How to Create a Member-Focused Culture

By Shep Hyken, Speaker and Author

Shep Hyken, Speaker and Author

Member service is not a department. It’s a philosophy to be embraced by every employee of a credit union, from the CEO to the person most recently hired. It’s embedded into the culture. Every employee impacts member service—by supporting members directly, supporting someone who supports the members, or simply by being part of the process that will impact a member.

In my keynote speech during NAFCU’s Annual Conference: Engage this year, I shared 10 important strategies and tactics involved in the important and powerful concept of creating a member-focused culture.

My goal is to make the complicated simple. So, with that in mind, here are six simple steps to creating a member-focused culture:

  1. Define the member service vision: The member service vision, even if it’s not seen by a member, is part of your brand promise. It is what you want your employees to deliver. It is what you want the customer to experience. Make it clear and make it simple, one sentence or less. For example, the Ritz-Carlton hotel chain has a simple, nine-word vision as its credo: “We are ladies and gentlemen serving ladies and gentlemen.” Everyone is trained to this vision. Everybody knows it, understands it and has memorized it. This is what the Ritz-Carlton guest experience is all about. By the way, I refer to this kind of simple statement as a mantra. It must be short, simple and easy to remember.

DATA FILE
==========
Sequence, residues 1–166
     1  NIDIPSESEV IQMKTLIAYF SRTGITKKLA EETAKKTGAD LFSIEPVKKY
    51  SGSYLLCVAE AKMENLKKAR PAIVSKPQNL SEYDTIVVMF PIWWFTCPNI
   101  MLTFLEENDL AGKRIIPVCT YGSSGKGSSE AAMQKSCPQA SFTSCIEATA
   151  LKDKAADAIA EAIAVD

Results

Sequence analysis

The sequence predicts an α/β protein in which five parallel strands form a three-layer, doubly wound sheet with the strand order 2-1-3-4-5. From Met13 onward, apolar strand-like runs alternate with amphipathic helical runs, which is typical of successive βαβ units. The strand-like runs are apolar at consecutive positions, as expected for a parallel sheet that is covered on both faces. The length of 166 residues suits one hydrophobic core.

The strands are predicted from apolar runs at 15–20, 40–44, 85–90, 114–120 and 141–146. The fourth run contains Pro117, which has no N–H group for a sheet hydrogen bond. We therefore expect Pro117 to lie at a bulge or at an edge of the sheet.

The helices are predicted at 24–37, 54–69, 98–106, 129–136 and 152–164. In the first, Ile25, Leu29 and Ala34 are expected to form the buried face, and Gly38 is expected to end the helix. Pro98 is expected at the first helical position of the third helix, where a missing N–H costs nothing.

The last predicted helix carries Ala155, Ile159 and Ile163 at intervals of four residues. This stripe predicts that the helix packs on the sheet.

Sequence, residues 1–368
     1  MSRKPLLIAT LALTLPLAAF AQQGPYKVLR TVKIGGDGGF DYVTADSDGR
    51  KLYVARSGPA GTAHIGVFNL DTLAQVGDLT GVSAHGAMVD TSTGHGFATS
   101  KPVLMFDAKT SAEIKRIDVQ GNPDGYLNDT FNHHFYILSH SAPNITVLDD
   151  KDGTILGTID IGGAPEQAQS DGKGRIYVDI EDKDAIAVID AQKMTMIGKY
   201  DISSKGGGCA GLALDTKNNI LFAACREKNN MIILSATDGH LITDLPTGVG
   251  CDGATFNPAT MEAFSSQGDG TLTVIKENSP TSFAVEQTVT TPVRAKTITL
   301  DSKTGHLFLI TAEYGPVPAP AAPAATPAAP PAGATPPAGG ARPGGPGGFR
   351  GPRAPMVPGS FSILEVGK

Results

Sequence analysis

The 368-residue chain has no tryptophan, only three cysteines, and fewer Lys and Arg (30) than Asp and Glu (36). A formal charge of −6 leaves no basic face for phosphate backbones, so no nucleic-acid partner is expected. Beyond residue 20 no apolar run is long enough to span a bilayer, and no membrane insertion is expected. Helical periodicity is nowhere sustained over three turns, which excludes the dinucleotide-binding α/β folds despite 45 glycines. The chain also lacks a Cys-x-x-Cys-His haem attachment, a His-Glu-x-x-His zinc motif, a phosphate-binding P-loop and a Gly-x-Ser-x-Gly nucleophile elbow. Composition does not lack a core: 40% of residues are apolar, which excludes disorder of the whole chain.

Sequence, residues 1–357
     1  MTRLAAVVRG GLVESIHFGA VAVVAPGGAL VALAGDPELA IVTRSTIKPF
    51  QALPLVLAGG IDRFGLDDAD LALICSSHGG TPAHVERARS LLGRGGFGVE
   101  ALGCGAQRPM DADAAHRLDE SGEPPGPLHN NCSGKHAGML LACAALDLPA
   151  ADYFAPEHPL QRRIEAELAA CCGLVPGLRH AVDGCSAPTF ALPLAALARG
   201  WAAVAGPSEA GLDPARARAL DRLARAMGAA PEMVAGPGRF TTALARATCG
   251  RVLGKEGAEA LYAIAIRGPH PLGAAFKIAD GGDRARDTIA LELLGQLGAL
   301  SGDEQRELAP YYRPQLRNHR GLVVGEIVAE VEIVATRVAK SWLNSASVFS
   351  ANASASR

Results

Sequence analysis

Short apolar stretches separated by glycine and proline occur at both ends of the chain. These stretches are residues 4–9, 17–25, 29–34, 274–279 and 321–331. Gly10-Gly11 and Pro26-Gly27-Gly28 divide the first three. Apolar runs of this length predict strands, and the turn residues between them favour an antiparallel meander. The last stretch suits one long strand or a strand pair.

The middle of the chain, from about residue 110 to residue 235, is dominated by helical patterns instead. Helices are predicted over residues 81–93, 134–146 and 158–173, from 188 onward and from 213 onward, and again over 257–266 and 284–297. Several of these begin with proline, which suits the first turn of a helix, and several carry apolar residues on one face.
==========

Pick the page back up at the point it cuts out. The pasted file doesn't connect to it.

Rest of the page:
2. Communicate the vision: Don’t keep it a secret. If you don’t live and breathe the mantra, it’s just words that have little meaning. Communicate it often. Signage around HQ and branches are good reminders. The Ritz-Carlton created a laminated tri-fold card with their credo and several other core values printed on it. Employees carry this with them and many have memorized it.
  3. Train to the vision: If you want member service to be part of your culture, everyone must be trained. Front liners may be trained differently than people in the back office, but everyone must understand the vision and how they must execute it for either a member or internal customer. In short, member service is everyone’s job!
  4. Leadership must model the behavior: Now that everyone knows the vision, understands it and knows their role in executing it, leadership must model the behavior. Through their actions, they demonstrate to their teams what member service looks like. Leadership and management can’t treat employees one way and expect them to act differently in their interactions with members and with each other.
  5. Defend the vision: Just as leaders must model the behavior, they must also defend it. If they see someone—or a group or department—is out of alignment with the vision, it’s their responsibility to get them back in alignment. I once interviewed the CEO of a large organization and asked, “What is your most important responsibility?” He said, “I defend the culture.”
  6. Celebrate it! When it’s working, let everyone know. Celebrate the success and individuals embracing and demonstrating your member service experience.

I referred to these as six simple steps, but that doesn’t mean they are easy. Depending on the size of your organization, it may take some time to implement and develop a member-focused culture. But the effort is worth it. Employees will stay longer, and members will keep coming back! 

Shep Hyken is a customer service/experience expert, award-winning keynote speaker and New York Times bestselling author. For more information, go to